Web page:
eye-3-yellow-3d-2-new-logo philly_kyw_new philly_94wip_new 35h_cbssportsrad_philly philly_wpht_new

Local

Brotherly Love: Fixing Chester County Houses

View Comments
(credit: CBS) Ukee Washington
Ukee Washington anchors Eyewitness News This Morning on CBS 3 and...
Read More

Get Breaking News First

Receive News, Politics, and Entertainment Headlines Each Morning.
Sign Up

By Ukee Washington

PHILADELPHIA (CBS) – Chester County is one of the highest-income counties in the United States, but there are thousands of low-income people there, too.

Volunteers there are fixing houses owned by the poor.

Jerry Hoekzema showed us a bay window “rotted out, and the windows were all bad.” He and his team came to fix it, framing a brand-new window.

“With that, hopefully we’ll fit the window in and it will fit,” Hoekzema said.

Hoekzema is a volunteer for Good Works Inc., a non-profit repairing the homes of low-income Chester County residents. Their clients’ average income is $19,000 a year.

“The repairs, if they were going to pay for it themselves, would be $15,000 to $20,000,” said Good Works Inc. director Jim Ford.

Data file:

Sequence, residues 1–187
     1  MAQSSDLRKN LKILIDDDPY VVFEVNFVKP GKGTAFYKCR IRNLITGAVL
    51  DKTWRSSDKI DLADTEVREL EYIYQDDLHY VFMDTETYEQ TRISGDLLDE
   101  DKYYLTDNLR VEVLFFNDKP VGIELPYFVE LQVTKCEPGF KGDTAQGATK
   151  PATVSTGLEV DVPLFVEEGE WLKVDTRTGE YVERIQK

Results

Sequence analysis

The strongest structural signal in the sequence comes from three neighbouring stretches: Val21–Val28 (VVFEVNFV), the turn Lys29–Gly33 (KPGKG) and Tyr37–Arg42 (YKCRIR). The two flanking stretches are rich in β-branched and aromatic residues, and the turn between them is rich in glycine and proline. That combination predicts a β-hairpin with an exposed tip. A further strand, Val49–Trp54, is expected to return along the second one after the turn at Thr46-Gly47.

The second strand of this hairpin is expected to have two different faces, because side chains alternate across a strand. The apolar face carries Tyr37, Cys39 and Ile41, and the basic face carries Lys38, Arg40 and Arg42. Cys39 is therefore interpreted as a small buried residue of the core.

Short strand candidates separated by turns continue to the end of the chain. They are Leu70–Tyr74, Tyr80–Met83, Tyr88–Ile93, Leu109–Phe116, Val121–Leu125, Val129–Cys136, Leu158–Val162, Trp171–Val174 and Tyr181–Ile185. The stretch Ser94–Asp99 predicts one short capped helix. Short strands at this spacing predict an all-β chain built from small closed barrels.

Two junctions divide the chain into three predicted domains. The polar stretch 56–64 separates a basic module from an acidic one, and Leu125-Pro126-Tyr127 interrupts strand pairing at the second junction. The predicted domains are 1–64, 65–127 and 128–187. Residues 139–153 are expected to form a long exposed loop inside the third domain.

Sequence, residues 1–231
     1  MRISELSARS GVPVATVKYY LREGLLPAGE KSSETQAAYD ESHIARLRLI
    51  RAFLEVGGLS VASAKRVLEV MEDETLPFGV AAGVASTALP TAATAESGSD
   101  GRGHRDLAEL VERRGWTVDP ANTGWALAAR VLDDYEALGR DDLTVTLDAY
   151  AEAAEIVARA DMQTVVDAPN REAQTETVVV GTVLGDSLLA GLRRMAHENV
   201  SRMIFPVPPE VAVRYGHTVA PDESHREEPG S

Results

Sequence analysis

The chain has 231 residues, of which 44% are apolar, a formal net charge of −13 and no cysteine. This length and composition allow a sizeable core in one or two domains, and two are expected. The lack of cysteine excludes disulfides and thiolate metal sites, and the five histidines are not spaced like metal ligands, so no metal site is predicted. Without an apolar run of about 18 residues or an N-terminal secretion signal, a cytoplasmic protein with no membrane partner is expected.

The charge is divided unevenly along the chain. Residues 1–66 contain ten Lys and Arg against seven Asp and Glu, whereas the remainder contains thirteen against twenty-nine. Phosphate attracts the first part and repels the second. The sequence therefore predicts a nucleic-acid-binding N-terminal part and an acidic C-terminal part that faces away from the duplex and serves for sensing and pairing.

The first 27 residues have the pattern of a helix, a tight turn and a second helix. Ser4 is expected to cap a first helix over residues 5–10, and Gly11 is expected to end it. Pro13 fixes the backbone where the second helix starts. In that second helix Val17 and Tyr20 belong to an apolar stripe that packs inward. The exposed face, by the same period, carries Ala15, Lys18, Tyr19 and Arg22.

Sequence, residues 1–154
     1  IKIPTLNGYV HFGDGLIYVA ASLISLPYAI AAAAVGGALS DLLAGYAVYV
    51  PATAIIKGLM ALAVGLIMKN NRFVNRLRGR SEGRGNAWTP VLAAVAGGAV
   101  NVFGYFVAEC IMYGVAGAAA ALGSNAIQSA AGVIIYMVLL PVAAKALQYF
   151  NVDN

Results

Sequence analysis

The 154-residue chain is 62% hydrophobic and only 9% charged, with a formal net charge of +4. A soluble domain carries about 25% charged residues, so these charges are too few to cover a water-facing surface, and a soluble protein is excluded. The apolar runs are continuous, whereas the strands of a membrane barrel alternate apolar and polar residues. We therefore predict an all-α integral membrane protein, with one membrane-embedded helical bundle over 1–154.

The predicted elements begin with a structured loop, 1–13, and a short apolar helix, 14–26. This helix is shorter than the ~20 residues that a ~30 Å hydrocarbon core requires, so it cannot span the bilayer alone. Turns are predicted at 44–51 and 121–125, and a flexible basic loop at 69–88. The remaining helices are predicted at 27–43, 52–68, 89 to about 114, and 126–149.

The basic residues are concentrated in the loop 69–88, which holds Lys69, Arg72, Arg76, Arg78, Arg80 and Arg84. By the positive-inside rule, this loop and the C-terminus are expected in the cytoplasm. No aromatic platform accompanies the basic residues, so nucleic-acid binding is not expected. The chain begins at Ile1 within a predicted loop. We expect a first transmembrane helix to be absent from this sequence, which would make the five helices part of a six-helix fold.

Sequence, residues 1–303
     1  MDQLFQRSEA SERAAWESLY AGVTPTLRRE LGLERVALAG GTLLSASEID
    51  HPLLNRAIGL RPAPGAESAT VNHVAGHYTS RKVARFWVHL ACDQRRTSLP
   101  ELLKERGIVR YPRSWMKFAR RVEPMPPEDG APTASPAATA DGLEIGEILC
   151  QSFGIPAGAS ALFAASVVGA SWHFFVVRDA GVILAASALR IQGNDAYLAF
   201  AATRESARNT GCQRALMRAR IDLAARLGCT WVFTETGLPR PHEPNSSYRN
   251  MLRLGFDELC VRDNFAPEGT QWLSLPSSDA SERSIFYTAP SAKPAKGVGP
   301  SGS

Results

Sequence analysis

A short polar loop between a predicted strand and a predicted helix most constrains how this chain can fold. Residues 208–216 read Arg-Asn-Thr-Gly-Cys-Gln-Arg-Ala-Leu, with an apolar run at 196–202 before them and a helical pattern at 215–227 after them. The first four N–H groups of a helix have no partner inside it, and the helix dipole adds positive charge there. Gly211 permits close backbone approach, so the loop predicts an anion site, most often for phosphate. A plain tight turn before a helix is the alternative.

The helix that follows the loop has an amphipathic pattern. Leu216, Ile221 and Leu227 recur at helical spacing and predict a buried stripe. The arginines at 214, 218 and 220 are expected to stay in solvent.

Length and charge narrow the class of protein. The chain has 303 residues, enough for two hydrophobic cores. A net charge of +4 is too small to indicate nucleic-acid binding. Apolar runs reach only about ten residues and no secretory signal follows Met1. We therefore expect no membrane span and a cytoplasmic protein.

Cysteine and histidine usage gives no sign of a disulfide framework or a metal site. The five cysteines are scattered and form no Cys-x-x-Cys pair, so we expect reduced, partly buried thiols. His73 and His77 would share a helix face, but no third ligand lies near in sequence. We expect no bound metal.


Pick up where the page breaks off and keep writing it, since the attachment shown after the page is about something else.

But for these residents, it’s free.

The floor of Gail Bell’s mobile home sagged from water damage until Good Works stepped in a few months ago to fix it.

“They ripped it all up. Then they put the hardwoods on there, which look absolutely beautiful,” Bell said.

Chuck Sipes, one of several corporate volunteers from Siemens, recoated Gail’s roof.

“This roof here really needed it bad,” Sipes said. “If applied properly, should last 20 years.”

Volunteers also painted Gail’s bedroom, giving her a nice place to come home to after a long day’s work.

“They gave me my life back,” she said.

WIth an annual budget of more than $1.3 million, Good Works Inc. helped more than 180 families last year.

“You see the look on their faces. It really does make it worthwhile,” Sipes said.

To apply to Good Works Inc. or to donate your money, time or talent, visit: www.goodworksinc.org

View Comments